In a frank interview last year, Oliver described the struggle for 'survival' for high street restaurants as he outlined plans to bring his Jamie's Italian brand back to life.

'The world's changed in the restaurant industry in the last year and a half,' he said.

'It's like any other business on the high street, it's just really, really tough. 

'We're in a changed time and obviously there's lots of pressures even for good businesses.'

Describing the pressure to adapt, he added: 'It's survival. 

'I don't know anyone in the restaurant industry that's doing high fives at the moment, unless they're a small neighbourhood restaurant and god bless if they are having a good time.' 

It follows a hunt for a new investor in the brand, with a number of private equity firms touted as mulling bids for a stake in the business.  

Today's announcement comes as another death knell for the British high street, with a host of once-popular restaurants and shops closing sites.  

In March, Boparan Restaurant Group (BRG) said it planned to close more than a third of its Giraffe and Ed's Easy Diner outlets, while Carluccio's, Prezzo, Strada and Gourmet Burger Kitchen closed branches in 2018.  

Matthew Thomson, Chief Executive of Jamie Oliver's Fifteen Cornwall at Watergate Bay and the Cornwall Food Foundation, told MailOnline: 'We are really sorry to have heard today that the Jamie Oliver restaurants are going into administration.

'Fifteen Cornwall operates independently of the Jamie Oliver restaurant group as a charitable social enterprise under licence to Jamie Oliver and therefore is not affected by the changes in the restaurant group.' 

The rise and fall of Brand Jamie: How he made £200m after being plucked from obscurity to be a TV star – and lost a fortune thanks to Uber Eats and poor reviews  

Pictured: Jamie Oliver on The Naked Chef during its second series in 2000 

Jamie Oliver's food empire today came crashing down around him as the celebrity chef announced his restaurant brand had spiralled into administration.

Once hailed as the cheeky Essex-born chef who built a £200 million fortune despite leaving school at 16 with just two GCSEs, he was forced to admit that more than 1,000 jobs are now at risk.

Poor online reviews contributed to the worsening reputation of Jamie's Italian as food delivery apps such as Uber Eats conquer the market, leaving the chef unable to save his struggling brand.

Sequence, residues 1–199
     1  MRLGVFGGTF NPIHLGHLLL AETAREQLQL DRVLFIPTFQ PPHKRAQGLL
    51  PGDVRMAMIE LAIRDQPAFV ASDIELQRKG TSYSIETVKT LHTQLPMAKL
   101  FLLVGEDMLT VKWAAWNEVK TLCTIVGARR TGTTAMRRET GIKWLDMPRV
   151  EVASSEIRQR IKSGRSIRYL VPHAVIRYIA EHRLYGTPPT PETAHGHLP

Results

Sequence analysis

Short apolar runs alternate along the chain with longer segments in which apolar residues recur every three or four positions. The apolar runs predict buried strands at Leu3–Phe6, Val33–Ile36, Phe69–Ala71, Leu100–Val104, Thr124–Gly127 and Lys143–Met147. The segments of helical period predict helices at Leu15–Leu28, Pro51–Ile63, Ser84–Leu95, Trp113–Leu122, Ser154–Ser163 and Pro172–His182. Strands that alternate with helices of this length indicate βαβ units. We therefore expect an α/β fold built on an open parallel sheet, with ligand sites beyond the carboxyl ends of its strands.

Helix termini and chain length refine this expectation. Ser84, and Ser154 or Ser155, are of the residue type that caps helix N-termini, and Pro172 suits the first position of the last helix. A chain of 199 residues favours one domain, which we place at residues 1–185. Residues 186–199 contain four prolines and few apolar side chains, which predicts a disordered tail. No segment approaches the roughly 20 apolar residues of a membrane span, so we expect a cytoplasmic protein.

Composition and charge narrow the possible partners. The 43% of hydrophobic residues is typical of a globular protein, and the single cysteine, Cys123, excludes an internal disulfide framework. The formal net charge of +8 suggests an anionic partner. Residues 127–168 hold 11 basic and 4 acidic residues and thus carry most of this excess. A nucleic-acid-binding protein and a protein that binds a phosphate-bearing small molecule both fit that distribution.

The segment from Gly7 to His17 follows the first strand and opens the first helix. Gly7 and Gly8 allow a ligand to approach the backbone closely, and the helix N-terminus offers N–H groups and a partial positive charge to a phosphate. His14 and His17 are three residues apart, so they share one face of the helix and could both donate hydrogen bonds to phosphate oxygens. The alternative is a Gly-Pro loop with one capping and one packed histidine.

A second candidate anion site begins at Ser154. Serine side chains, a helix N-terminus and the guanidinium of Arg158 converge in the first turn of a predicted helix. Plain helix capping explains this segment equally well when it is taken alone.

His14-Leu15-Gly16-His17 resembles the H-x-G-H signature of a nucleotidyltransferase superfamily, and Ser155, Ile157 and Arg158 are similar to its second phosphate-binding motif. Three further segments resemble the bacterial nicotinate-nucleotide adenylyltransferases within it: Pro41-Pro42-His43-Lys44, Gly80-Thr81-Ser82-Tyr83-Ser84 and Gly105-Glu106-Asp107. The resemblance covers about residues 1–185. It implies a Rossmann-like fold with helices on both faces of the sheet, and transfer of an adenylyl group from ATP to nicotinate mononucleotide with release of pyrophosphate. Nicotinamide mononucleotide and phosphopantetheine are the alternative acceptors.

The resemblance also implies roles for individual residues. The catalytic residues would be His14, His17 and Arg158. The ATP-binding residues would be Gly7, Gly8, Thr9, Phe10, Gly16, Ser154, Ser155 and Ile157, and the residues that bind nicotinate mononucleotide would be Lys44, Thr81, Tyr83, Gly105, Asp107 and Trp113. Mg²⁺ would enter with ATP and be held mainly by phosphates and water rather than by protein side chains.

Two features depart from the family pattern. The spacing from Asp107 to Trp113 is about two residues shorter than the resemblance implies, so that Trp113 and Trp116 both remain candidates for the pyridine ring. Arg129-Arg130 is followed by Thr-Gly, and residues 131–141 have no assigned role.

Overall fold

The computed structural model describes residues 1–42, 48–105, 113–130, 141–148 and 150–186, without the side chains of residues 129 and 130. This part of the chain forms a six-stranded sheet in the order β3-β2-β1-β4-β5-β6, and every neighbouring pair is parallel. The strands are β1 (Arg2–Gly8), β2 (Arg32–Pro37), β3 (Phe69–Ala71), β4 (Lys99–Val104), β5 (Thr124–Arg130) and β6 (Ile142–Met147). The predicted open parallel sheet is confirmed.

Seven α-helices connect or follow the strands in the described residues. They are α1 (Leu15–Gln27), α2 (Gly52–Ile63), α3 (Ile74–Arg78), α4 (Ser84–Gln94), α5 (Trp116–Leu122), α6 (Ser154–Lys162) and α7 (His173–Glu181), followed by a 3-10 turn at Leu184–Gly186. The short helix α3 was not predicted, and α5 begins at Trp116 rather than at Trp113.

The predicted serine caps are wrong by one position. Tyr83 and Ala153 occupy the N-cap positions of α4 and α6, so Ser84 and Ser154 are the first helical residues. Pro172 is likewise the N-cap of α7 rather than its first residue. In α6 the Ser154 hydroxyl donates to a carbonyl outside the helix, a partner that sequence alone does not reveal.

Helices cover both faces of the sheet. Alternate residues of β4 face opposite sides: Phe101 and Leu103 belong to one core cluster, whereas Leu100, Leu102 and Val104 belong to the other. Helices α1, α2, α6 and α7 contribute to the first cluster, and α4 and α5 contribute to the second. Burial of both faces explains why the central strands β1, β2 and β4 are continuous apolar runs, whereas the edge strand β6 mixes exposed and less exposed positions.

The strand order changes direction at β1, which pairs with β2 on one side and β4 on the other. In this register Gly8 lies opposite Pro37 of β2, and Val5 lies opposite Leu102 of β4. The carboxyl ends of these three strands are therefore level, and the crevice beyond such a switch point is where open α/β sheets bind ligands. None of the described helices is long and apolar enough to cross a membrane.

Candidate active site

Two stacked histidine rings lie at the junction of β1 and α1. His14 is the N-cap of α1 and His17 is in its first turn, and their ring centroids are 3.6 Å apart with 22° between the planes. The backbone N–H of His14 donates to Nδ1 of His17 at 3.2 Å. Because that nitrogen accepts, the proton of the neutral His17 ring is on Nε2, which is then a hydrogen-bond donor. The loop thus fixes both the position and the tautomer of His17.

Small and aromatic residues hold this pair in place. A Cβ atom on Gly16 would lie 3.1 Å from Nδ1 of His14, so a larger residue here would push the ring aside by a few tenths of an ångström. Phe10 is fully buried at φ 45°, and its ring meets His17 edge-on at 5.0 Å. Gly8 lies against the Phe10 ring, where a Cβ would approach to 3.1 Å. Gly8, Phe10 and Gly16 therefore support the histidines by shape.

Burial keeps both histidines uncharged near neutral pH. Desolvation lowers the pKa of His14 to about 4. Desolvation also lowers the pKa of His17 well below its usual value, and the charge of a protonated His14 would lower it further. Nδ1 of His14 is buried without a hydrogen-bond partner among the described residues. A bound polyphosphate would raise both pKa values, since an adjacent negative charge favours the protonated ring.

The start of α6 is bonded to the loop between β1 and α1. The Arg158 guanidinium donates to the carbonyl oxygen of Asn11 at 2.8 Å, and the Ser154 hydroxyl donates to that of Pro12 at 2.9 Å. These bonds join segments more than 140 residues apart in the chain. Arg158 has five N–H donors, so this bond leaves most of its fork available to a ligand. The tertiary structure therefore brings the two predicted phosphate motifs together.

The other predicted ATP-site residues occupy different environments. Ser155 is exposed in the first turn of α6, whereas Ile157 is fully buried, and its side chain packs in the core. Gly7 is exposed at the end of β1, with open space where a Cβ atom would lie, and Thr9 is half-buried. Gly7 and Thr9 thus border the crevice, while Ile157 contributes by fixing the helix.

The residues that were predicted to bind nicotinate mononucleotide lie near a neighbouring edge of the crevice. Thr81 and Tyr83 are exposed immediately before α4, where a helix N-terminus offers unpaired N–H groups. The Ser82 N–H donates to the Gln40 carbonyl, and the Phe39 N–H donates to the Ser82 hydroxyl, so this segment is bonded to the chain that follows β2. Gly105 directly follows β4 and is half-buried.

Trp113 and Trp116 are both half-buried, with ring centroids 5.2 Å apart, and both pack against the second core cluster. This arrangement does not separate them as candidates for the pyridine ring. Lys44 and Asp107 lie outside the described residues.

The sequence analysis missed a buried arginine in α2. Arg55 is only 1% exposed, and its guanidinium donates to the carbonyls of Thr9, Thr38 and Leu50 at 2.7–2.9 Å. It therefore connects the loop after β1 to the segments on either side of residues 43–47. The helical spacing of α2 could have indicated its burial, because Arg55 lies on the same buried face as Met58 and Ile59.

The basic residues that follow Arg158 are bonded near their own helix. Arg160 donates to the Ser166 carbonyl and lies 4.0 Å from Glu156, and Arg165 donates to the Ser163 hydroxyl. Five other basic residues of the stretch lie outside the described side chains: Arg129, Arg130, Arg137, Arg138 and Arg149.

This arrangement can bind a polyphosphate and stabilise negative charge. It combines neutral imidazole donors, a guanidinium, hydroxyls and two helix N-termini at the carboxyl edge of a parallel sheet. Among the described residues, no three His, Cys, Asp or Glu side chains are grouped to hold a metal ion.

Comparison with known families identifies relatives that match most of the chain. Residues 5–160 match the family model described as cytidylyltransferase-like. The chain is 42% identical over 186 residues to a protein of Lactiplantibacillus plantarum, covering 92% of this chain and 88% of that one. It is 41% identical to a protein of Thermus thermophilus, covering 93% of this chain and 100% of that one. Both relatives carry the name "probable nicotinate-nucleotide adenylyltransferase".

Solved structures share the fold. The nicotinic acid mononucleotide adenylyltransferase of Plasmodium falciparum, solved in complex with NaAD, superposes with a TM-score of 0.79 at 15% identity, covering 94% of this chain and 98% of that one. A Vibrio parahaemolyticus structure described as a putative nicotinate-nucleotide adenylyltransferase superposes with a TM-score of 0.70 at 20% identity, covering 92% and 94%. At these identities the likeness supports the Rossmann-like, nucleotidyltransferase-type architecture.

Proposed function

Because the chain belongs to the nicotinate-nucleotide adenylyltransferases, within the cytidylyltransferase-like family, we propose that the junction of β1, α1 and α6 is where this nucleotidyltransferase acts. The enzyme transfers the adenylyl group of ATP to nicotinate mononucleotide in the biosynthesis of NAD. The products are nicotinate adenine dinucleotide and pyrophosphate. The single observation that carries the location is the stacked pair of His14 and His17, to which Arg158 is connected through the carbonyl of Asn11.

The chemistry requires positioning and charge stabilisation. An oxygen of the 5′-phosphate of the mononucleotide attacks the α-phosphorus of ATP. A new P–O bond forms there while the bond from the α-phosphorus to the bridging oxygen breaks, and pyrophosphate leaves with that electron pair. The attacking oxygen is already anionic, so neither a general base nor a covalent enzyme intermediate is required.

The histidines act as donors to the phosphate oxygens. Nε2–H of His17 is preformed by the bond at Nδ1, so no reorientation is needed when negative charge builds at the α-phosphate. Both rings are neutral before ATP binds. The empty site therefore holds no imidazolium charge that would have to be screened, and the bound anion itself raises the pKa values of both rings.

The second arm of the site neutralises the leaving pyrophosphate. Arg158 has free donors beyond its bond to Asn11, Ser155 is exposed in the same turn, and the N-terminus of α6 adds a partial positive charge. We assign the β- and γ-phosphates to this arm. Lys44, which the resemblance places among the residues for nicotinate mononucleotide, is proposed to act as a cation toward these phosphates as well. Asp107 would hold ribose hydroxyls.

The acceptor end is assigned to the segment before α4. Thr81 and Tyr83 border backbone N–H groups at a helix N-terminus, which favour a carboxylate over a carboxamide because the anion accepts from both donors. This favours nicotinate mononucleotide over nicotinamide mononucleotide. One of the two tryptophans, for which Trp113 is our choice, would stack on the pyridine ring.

It now owes £71.5million as experts claim Just Eat and saturation in food services combined to bring the 43-year-old's eateries down.

Jamie previously blamed Brexit for his woes and rental costs for his woes, but TripAdvisor reviewers branded his Covent Garden restaurant as 'shocking', 'nothing special' and pricey in recent months.   

The self-made chef's fall from grace comes after he refused to let severe dyslexia stand in his way of success.

Born to pub owners Trevor and Sally Oliver in Clavering, Essex, he started out practising cooking in the kitchen with his parents and sister. 

After leaving school, he went on to attend Westminster Technical College, earning a qualification in home economics, before getting a job as a pastry chef at the London restaurant of Italian cook Antonio Carluccio.

His shot at stardom came when a visiting TV crew spotted him working at the River Cafe in Hammersmith, West London, in 1997. 

Two years later he hit TV screens aged 23 on The Naked Chef, establishing his reputation as a cheeky, laid-back cook from Essex.

The BBC series was praised at the time for inspiring men to cook. It first aired on April 14th in 1999 and ran for three series and including Christmas specials. 

Jamie met his wife, Juliette — known as Jools — at college in 1993 when the pair were just 18.

They married in Essex in June 2000, with a low-key reception in Jamie's parents' garden, to which the chef wore a pale blue Paul Smith suit and snakeskin brogues.

Jools worked as a waitress before becoming a TV assistant, model and, briefly, her husband's PA.

Jamie hired his brother-in-law, Paul Hunt, married to his sister Anna-Marie, to run Jamie Oliver Ltd in 2014 — and last year Hunt assumed responsibility for the restaurants, too

The couple have five children - Poppy Honey Rosie, 17; Daisy Boo Pamela, 15; Petal Blossom Rainbow, 10; Buddy Bear Maurice, eight; and River Rocket Blue Dallas, two.